The GITPRO conference had full attendance with almost 400 participants, including volunteers, panelists, keynotes, and sponsors. The three tracks dedicated to technology, career and leadership, and startup boot camp were well attended and well received. Below are some highlights from the three keynotes and then from each of the tracks.
Steve Blank, serial entrepreneur, writer, and entrepreneurship coach at Stanford, gave an excellent keynote on how to build a scalable startup whose goal is to solve for unknown customers, unknown features. While the focus in larger companies is on execution of known business models, the startups are temporary organizations with goal to search for repeatable and scalable business model built on value proposition for the customers after acquiring thorough, deep and intimate knowledge of customers’ needs and pain points. In his keynote, Anand Deshpande, CEO of Persistent Systems, shared the opportunities and business landscape inIndia. Indiais not just a consumer of science and data but is emerging as an active and viable participant and meaningful contributor in science and data and R&D. Dr. Prasad Kaipa’s keynote was focused on how one can grow professionally to become a wise leader, not just a smart one. With stories and examples from Mahabharata, Kaipa shared how a wise leader is called to a noble purpose, uses multiple forms of intelligence, and is not attached to a fixed point of view or ideology.
Shishu Bedi, COO of AdMaxim and David Cao, Founder & President of Great Wall Club discussed monetization of mobile apps, in the tech track. Mobile platform has seen accelerated growth and the next revolution will be in smart TVs to reach millions of people and future technologies will dramatically change how we interact with TV, said Bedi. The new generation of TVs will have all the applications and functionality of smart phones, tablets, and PCs and this will be the hottest space during the next few years. It will be about who understand the user demographics and how the user interacts with TV. Cao also believed that understanding of user behavior was important to monetization in this space. According to Cao, although the distribution of android apps market is bigger than the iPhone apps market, monetization of android market is much more difficult because user behavior is unpredictable in the android market.
Ajit Deora Partner, LightSpeed Ventures and Shan Sinha, exCEO of DocVerse (sold to Google) discussed the basics of raising investment. What VCs care about is getting huge multiples on their investment with least amount of risk, in the minimum time period, said Deora. Deora went on to define that in more detail. VCs generally expect to get 20% ownership, with 5X returns, in the minimum time period. They like the least amount of risk, with great and team with proven track record, huge market with less to no market risk, low technology risk, scalable business model, and capital efficiency. A huge market takes care of execution risk and though team issues can be fixed, no one can fix market challenges, so market risk is a definite no, no, said Deora. Low tech risk means VCs like technology that is implementable and scalable. Sinha shared his 3 basic rules for fundraising. Rule no. 1 is about having and telling a compelling story about how entrepreneur’s product or technology will enable changing the world for better. Rule no. 2 is having a clear understanding that investment is a tactic and not a milestone. A milestone is growing the team or refining the product or increasing the customer base and the investment should enable the achievement of the milestone. Before going out and asking for money, the entrepreneur must define the milestone and ask if it is a meaningful milestone that will substantially increase the value, when the milestone is achieved. Rule no. 3 is about determining the need and raising the right amount and not too little money or too much money.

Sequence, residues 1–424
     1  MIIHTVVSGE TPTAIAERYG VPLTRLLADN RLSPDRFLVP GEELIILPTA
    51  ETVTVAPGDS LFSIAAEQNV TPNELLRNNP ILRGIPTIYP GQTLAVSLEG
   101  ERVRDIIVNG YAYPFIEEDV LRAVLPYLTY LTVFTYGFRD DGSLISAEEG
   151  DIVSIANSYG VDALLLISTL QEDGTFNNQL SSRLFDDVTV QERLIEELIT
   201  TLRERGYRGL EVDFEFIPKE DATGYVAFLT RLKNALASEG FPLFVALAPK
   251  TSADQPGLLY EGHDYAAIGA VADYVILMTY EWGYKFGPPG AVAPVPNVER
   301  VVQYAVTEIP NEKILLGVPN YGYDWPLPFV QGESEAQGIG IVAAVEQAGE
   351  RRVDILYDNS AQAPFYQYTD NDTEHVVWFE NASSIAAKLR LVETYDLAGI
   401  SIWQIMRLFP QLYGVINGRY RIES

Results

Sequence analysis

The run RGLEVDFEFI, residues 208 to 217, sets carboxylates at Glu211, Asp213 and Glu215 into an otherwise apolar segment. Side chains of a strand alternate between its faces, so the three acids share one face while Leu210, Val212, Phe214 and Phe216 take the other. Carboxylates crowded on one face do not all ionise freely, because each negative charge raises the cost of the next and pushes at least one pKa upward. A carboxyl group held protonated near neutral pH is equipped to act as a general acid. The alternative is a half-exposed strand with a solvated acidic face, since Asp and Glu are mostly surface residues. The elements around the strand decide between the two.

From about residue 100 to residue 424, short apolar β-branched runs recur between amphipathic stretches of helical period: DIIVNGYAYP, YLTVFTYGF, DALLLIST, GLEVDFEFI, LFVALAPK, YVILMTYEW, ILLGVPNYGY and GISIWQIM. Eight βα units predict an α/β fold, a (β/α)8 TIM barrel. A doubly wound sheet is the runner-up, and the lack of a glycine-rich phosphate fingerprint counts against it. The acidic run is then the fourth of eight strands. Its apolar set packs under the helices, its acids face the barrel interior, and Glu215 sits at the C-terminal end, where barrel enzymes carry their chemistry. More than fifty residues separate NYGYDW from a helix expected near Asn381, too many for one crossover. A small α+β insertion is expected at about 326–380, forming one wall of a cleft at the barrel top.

Rajesh Shetty,Mentorand Coach and Praveena Varadrajan, VP at FICO discussed essentials of managing with influence, in the leadership track. In today’s technology age, it is not the first impression that we should focus on but the zeroth impression. “People do their homework about you, even before you have the opportunity to meet them”, said Shetty. Building a personal brand is not about what one says about oneself, or the extension of one’s employer’s brand, or one’s presence on the social media, or about one’s power and influence, nor is it a gift, nor is branding permanent. In order to build your brand, said Shetty, “you must prove to the world that it is an assessment of your promise to the world and capacity to fulfill and execute it and with ongoing proof of accomplishments by people who are competent to make that assessment, typically in the field of your expertise”. So what actions one must take to build a strong personal brand? “Start with your strengths”, said Shetty. The strengths that may be invisible would emerge, if one kept a journal or notes or by talking to the mentors who often have a greater insight in the mentees’ strengths. And with all that, one must contribute meaningfully that would leave the world, a better place. Varadrajan advised that contributing meaningfully is a precursor to managing with influence. It is important to share the big picture and build credibility by interacting with honesty and integrity, said Varadrajan.